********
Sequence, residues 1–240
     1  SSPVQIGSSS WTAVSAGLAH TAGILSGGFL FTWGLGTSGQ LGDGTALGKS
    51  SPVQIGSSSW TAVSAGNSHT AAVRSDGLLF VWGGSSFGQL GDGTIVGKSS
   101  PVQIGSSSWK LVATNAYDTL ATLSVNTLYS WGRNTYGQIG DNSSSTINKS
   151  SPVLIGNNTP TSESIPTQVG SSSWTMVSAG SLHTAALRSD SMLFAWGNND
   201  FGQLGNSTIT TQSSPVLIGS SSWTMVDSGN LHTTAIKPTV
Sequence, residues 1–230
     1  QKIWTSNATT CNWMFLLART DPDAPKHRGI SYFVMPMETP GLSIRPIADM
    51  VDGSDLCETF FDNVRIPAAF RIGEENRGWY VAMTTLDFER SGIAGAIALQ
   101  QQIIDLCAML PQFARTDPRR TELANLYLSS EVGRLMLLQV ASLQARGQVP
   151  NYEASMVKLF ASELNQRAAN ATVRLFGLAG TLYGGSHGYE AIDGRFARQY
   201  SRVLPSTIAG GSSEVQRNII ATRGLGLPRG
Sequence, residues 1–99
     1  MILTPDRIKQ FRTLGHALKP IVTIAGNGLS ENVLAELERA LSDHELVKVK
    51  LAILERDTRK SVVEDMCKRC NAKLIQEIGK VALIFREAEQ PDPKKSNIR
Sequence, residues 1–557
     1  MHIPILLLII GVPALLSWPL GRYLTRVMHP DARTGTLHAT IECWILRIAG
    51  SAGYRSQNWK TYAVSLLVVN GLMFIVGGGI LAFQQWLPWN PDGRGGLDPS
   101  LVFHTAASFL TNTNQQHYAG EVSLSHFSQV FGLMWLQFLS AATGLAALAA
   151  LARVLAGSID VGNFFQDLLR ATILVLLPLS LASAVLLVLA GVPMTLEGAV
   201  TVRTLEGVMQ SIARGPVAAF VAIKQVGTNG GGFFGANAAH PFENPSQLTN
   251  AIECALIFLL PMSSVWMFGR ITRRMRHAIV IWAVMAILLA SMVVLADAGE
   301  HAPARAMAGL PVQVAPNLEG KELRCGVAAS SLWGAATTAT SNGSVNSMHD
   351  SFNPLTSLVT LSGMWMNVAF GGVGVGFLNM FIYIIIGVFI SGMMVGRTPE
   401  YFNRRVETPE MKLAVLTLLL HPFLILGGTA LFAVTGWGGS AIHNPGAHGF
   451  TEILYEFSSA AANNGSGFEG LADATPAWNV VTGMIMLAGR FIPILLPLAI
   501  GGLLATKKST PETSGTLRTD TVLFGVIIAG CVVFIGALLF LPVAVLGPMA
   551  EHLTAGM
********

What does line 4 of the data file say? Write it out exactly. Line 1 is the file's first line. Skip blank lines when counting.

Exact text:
   101  PVQIGSSSWK LVATNAYDTL ATLSVNTLYS WGRNTYGQIG DNSSSTINKS